Commentary: Board member George McKenna’s challenge to adopt higher standards for all schools
George McKenna is known for waxing eloquently during the school board meetings, and at the meeting on Sept. 12, he wrote down some of his thoughts. Part of the reason was because the new board President Ref Rodriguez is limiting statements to five minutes per topic by each of the board members, but part of it...
By Guest contributor | September 18, 2017
Commentary: The long road to finding the right school for my daughter
By Patricia Rivera This summer, as the beginning of the school year got closer, I started to feel more and more worried instead of feeling excited. After spending nearly six months trying to find my daughter a new middle school, all I had to show for it was an uncertain position on several waitlists. My...
By Guest contributor | September 12, 2017
Readers respond: Do LAUSD’s random weapons searches help or harm students?
By Carol Arocha Random wanding has prevented some students from harming others. The weapons may not be guns or bombs, but have no doubt, handmade knives (shanks), clubs, brass knuckles, pepper spray, and other such instruments have been found and removed, saving children from physical harm. Wanding has helped administrators remove drugs and alcohol from...
By Guest contributor | September 7, 2017
Commentary: This Labor Day, we’re celebrating Kids First
By Max Arias It is no coincidence that this year, Los Angeles’ largest Labor Day march will begin in front of Ramon Cortines High School. The popular narrative is that labor unions and public schools are on opposing sides; that somehow addressing issues of wages, hours, and working conditions is at odds with putting kids first....
By Guest contributor | August 31, 2017
Commentary: Teacher quality is determined in the classroom, not by a credential
By Haena Shin Teachers can tell when they are effective. In my first year as a special education teacher in a pre-kindergarten setting, the signs were small but profound — a nonverbal student who started to greet me in the mornings, a student who didn’t know how to hold a pencil properly who learned to...
By Guest contributor | August 30, 2017
Commentary: Parents want LAUSD school board to support new STEM school
By Jenny Hontz The LAUSD Board votes Tuesday on a resolution to oppose the creation of an innovative new state-authorized STEM middle and high school intended to increase the pipeline of qualified under-represented students of color and women attending elite STEM universities and entering science, technology, engineering and math professions. The resolution against this proposed school, which...
By Guest contributor | August 21, 2017
Exclusive: Voters approved $20 billion to build LA schools. As last one opens, the ultimate insider explains why they were so desperately needed.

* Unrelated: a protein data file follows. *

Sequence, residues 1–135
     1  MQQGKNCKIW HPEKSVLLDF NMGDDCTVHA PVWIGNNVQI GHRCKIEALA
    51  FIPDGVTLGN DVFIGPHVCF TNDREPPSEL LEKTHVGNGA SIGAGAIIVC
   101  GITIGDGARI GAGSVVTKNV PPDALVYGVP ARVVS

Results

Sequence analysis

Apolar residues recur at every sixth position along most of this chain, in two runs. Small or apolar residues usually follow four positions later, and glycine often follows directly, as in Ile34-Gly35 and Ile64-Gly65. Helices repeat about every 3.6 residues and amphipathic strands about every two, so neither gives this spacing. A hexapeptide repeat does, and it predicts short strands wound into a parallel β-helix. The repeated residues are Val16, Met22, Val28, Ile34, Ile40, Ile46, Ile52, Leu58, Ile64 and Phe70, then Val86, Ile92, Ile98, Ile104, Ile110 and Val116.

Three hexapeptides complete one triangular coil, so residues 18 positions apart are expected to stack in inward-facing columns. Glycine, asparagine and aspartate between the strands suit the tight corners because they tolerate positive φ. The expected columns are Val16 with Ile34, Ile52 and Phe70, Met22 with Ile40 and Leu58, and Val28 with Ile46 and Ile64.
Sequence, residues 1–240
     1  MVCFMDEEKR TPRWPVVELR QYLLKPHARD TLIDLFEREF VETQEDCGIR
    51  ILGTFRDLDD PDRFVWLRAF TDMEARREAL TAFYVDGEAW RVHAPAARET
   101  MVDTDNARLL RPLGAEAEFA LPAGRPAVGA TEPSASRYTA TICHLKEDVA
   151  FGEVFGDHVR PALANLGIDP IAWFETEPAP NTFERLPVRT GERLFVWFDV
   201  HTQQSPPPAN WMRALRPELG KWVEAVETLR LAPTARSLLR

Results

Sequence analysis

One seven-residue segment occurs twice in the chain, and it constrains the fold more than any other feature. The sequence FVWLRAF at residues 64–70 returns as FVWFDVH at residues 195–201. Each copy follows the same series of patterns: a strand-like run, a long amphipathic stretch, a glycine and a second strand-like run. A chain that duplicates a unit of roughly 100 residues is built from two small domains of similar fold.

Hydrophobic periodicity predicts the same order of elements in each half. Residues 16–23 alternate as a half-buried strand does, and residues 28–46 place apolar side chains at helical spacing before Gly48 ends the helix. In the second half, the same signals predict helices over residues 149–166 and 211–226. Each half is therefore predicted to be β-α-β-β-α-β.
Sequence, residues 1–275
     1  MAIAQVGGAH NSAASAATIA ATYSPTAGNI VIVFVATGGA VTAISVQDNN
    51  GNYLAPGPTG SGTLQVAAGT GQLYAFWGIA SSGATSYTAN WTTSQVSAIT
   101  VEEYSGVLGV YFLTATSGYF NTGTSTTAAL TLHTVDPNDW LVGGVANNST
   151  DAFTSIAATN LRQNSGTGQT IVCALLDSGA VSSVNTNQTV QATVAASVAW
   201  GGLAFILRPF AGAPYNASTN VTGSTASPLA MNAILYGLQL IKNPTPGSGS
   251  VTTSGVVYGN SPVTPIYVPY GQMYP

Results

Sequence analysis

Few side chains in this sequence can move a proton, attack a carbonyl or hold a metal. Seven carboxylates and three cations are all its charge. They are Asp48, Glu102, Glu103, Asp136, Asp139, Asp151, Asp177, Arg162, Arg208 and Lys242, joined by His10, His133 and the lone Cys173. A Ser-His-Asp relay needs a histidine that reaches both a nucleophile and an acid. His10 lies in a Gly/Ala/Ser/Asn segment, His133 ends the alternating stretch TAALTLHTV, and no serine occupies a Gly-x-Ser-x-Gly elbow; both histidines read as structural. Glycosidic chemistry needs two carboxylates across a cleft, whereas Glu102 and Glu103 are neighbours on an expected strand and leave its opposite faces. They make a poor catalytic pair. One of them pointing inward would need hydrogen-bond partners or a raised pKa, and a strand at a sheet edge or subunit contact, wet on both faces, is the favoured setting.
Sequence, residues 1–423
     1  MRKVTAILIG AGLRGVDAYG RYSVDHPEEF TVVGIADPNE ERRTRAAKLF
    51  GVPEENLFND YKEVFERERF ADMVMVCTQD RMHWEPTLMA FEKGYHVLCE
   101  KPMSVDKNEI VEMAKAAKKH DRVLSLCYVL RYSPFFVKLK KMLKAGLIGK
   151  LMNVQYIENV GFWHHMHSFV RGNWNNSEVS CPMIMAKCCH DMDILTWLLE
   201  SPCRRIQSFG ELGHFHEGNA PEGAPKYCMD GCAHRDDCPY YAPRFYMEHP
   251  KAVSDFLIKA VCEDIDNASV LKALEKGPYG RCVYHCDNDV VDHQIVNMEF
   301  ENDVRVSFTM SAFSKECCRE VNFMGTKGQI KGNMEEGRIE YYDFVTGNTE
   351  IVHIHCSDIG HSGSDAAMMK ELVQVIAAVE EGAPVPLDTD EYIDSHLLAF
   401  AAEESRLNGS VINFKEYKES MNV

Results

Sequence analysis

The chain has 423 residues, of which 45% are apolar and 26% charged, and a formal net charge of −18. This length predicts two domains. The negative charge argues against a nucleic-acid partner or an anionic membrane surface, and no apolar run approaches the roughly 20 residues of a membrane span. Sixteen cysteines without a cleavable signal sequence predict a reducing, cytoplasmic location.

“Wooooow. They built this just for us?” By Glenn Gritzner This week, a significant milestone is being achieved for the students of LAUSD that deserves to be celebrated. The final school — Bell High School — is coming off the year-round calendar, meaning that every school in LAUSD will now be on the traditional nine-month...
By Guest contributor | August 14, 2017
Seth Litt: Kids in low-performing schools lose big under California’s ESSA plan
By Seth Litt On July 12, the California Board of Education met to discuss the state’s plan to comply with the new federal Every Student Succeeds Act (ESSA), which must be approved and submitted by September. Board President Michael Kirst opened the conversation with a defense of the draft plan, which offers no commitment on...
By Guest contributor | August 3, 2017
Emilio Pack — Not all college degrees are created equal: How STEM Prep is preparing its high schoolers for the 21st-Century economy
By Emilio Pack The new goal charter networks have adopted — boosting the college graduation rate for their alumni — is a wise one. It’s definitely time to move past the short-sighted goal of only ensuring they win admittance into a college. But in rushing to meet this new goal, it’s easy to overlook an awkward...
By Guest contributor | August 2, 2017
When charters and traditional schools share a building, all students improve: A new study finds 7 reasons why
By Beth Hawkins Few education policy battles have burned as hot as debate over the practice of requiring traditional public schools to share under-used space with charter schools. Co-location, as the practice is called, is often cited as damaging to students in mainline district schools. But groundbreaking new research from Temple University Assistant Professor Sarah Cordes finds that at...
By Guest contributor | August 1, 2017